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What Goes Into a Popular App: Tips for Developing Successful Mobile Phone Applications

 Mobile Smartphone's are growing at a tremendous rate due to lower and sometimes free Smartphone's cost. 61% of all Adults in US own a Smartphone, and depending on your app demographics that number can be much higher. Businesses, start-ups and enterprise world has recognized the full-potential of the mobility market and have rolled out or rolling out strategic solutions to clients.

 Most important aspect of developing a mobile app or mobile optimized website is to do proper research before any coding begins. It's important to identify exactly who your ideal clients are and what they are looking for. Different clients have different expectations and different technology skill level. Design, workflow and behavior of the mobile app is completely different between different age range, customer goals and industry. Write down your purpose for creating this app, what exactly are you trying to achieve or solve.

 Once you have identified your ideal client and have research different solutions on the internet for their shortcomings and highlights then can you move onto identifying what features you app should have. Most of the features follow Pareto's 80/20 rule as it would state that 80% of people will use 20% of features in your app. You need to identify those 20% of features that will make your app different from the rest and perfect them. Your core feature set should be as flawless as could be.

 Feature criteria and your apps mobile brand awareness should perfectly tie in with your marketing plan. Importance of this predominantly depends on your distribution channel and type of app. In the case when this is important and certain features would be used as a cornerstone of your marketing effort then it's important to spend additional time in that area to ensure that your app will compliment your marketing efforts and that those critical features are thoroughly though out.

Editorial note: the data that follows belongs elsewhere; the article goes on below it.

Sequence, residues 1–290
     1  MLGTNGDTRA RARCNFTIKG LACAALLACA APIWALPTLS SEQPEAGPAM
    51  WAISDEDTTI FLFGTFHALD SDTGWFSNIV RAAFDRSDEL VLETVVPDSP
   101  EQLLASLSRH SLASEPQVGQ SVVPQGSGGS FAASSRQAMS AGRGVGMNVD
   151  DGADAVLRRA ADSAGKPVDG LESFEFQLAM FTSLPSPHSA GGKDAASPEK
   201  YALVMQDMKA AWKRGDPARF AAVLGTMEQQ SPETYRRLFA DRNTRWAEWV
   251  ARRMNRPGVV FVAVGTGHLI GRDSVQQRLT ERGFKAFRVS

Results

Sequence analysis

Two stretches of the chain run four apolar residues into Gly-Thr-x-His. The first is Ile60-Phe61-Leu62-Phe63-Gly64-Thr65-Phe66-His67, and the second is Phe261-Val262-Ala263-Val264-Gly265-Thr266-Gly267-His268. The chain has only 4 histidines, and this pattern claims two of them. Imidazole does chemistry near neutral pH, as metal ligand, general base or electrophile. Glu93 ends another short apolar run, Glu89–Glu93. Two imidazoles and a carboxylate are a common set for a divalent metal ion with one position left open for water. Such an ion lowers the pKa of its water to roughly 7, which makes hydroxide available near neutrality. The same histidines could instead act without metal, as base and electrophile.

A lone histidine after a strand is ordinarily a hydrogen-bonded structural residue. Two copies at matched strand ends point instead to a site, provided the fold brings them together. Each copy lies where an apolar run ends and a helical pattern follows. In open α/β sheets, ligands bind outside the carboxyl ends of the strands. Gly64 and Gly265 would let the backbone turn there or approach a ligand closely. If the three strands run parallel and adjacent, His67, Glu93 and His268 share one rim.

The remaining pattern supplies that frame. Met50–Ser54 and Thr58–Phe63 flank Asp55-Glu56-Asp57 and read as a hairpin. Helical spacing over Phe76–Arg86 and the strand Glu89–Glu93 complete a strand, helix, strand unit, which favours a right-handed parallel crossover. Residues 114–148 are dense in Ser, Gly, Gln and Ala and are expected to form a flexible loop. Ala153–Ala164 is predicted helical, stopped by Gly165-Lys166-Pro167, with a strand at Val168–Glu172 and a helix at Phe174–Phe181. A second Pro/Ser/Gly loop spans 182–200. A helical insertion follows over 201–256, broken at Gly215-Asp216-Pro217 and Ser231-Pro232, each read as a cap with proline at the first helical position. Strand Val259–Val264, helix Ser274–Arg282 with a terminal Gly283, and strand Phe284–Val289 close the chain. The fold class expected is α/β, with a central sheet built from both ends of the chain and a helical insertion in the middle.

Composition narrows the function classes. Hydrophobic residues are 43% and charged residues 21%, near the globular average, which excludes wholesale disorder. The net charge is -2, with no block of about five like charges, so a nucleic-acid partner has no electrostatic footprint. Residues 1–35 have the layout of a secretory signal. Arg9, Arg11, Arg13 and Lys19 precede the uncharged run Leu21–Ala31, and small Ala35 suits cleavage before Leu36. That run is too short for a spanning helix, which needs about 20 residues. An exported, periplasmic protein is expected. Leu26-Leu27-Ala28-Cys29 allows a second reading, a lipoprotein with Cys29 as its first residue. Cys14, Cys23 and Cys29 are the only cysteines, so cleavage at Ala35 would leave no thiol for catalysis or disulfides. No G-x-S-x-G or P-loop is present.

With laser precision focus on the end-user and your apps value to the user can you build a successful iPhone, iPad, Android or other Smartphone app. At this point it's important to write out multiple use cases and workflows for your app. You need to think like your end user and simulate their workflow and ideal behavior from start to end. Input from colleagues, friends and professionals can be of an immense help as you might be making certain in-correct assumptions or missing certain things.

 Sketching out your iPhone or Android mobile app either on paper, online or using a prototype sketch app is very important. Mockups help your visualize and refine your thoughts. Interface experience is critical and in most cases should be simple, self-evident and of course useful. Most people go through quite a few mockup revisions to end up with something that they like. Constructive feedback and brainstorming sessions will help your app be the best that it can be.

  • Can you simplify and improve the UI?
  • Can you provide more value to your customers?
  • Is your app simple to understand and navigate?
  • What if there is a loss of internet, or how resource use might affect your app?
  • How will your app be secure and scalable? Are there any regulations that you need to comply with?
  • What can you do with your app to want to make customer go back and use it.
  • Did you solve or provide a solution to the original purpose of the app?
  • How does your workflow tie in with the mockups, what do you need to change or update?

 We are advocates for Agile methodology as a type of project management model. With Agile type of development you will start to see your mobile app come to life in a few short weeks. This allows you to manage risk better and constantly provide input and modification as to how you can improve your app. Improvements and suggestions are welcomed and expected. Development time will less if during mockup and design phases most of the issues are resolved and though out. However it's acknowledged that during a real prototype that you can use and play with there might be certain changes that could be done.

 Actual development and coding will be a separate articles with its own set of tips and nuances.

 
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